In December 2019, Amy Bermudez was feeling unsatisfied with her job. She worked in an industry she didn’t love, for people who stressed her out, doing work that was… fine. She wanted more, but she wasn’t sure what that “more” was. In a chance encounter with a relative, Amy learned about voiceover.
She signed up for a course, enjoyed what she learned and began to wonder: is voiceover right for me? Then, in March 2020, the world shut down for the COVID-19 pandemic, and in response, Amy’s company shut its doors completely.
Newly unemployed in a world that had changed overnight, Amy’s mind wandered to voiceover.
Could this be her chance to try something new? Amy decided to give it a real shot. Over the course of the past few years, Amy has launched her fledgling voiceover business from scratch, and it has changed her life. As Amy said, “allowing myself to do the thing I wanted to do has been amazing. I feel more alive.”
Join us as we discuss:
· How the chaos of the pandemic created an opportunity for reinvention
· How believing in herself has resolved a lifelong worry that she wasn’t “good enough” to do what she loved
· How voiceover artistry has given Amy the creative outlet she has yearned for
· How interesting and rewarding she finds her new work, and how excited she is for the future.
Join the Great Work Community here: amandacrowell.com/great-work-community
About The Guest:
Amy is a professionally trained voice actor who brings a wealth of talent, expansive range and a soothing, trustworthy, graceful voice. Originally from Ohio, she has lived in Philadelphia and New York. Her background includes marketing, development, and project management for world-class brands within the textile design community.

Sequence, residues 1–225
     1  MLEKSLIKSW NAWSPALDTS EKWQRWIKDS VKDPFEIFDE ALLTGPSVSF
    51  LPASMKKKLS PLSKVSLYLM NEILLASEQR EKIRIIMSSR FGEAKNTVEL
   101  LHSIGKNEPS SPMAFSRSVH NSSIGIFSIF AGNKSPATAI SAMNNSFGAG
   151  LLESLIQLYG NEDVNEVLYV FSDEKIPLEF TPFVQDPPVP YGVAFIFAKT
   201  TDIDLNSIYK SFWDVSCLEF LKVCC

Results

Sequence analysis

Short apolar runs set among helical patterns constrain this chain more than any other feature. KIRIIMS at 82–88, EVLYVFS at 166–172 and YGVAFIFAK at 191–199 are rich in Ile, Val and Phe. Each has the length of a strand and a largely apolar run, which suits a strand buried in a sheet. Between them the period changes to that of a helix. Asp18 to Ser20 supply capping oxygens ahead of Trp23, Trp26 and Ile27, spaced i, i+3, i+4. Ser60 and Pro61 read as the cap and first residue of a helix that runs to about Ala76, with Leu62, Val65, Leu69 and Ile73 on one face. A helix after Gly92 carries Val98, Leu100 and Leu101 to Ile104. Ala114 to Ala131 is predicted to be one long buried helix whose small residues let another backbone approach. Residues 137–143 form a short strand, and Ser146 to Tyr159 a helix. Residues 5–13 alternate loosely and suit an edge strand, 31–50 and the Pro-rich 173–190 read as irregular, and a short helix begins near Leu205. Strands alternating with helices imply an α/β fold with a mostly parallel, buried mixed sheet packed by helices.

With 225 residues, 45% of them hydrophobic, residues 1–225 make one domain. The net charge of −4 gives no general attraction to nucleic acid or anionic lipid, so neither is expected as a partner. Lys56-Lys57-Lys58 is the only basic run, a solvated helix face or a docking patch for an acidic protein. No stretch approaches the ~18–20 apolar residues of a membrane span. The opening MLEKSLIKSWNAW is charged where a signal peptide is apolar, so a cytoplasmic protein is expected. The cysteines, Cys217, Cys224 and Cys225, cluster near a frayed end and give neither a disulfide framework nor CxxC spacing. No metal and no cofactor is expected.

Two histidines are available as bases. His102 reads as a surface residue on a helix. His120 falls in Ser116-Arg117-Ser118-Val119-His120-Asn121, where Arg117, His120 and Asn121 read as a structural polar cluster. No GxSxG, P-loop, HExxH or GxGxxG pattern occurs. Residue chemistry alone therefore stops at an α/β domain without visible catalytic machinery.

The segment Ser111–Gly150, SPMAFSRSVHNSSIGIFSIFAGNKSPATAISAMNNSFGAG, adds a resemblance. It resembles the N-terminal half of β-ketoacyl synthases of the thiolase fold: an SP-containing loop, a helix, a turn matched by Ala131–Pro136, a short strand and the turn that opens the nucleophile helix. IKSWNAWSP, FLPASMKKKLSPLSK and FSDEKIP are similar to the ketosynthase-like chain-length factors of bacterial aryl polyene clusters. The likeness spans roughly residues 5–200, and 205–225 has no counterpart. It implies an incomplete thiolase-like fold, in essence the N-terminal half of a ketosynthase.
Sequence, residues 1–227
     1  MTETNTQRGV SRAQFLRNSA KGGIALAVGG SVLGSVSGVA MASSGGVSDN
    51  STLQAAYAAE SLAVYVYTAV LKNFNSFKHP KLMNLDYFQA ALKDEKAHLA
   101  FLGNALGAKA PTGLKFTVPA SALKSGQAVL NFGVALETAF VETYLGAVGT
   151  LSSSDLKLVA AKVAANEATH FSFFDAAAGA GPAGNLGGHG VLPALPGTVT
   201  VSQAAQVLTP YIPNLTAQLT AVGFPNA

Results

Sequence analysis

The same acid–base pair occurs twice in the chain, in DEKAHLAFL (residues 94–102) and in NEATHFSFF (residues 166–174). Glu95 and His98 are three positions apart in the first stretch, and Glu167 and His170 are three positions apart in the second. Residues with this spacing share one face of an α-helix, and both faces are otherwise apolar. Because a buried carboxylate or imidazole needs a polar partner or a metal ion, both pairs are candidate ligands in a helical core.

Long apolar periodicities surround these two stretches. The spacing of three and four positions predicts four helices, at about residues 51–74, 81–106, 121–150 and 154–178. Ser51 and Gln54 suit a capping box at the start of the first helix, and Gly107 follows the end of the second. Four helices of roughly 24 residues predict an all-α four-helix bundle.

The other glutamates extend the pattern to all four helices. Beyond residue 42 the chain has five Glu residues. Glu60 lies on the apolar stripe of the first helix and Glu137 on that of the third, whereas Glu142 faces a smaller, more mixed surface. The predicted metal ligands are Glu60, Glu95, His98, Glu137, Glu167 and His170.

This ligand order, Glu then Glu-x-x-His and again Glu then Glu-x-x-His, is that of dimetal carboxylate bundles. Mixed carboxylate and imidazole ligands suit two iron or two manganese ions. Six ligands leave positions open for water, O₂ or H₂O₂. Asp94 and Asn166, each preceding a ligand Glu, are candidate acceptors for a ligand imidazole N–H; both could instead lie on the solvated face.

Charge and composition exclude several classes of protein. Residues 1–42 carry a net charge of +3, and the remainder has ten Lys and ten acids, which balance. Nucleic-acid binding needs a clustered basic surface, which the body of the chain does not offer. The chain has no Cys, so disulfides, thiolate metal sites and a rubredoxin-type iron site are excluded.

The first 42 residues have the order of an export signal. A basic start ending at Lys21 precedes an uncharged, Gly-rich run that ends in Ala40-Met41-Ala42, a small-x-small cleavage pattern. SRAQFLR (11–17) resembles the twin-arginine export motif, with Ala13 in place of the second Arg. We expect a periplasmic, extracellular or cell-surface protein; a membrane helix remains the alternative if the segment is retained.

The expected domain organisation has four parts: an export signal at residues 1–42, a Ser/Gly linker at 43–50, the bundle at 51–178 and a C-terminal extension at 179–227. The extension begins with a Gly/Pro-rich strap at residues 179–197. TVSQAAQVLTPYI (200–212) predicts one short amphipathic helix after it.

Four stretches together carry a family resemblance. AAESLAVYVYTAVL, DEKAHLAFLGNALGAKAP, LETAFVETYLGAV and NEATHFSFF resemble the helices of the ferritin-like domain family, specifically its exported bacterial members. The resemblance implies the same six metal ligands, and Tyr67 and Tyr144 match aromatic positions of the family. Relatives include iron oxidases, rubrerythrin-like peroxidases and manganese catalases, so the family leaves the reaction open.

After a career reboot, she began to focus on voice acting. Amy offers an elevated experience in professional voice over production. Anything but cookie-cutter, Amy’s creative, insightful work style is infused with personal charm. Her versatile sound has been described as smooth, trustworthy, soothing and youthful; her range is well-informed by life’s adventures.
Working from her professional home studio in suburban NYC, she is meticulously detailed and efficient, giving your project the personalized attention required for success. Amy meets you where you are, effectively collaborating with you to create a final product that sounds exactly the way you envision. The artistic expression at the heart of creating professional voiceover brings Amy Bermudez such joy.
A professionally-trained voice actor who brings a wealth of talent, expansive range, and a soothing, trustworthy voice, Amy is also a campy, zany performer who loves to sing karaoke until the wee hours, lulls her children to sleep with sentimental lullabies, and can often be found regaling tales with a whole cast of character voices. Amy loves that her voice adds dimension and fills a need by creating an authentic connection.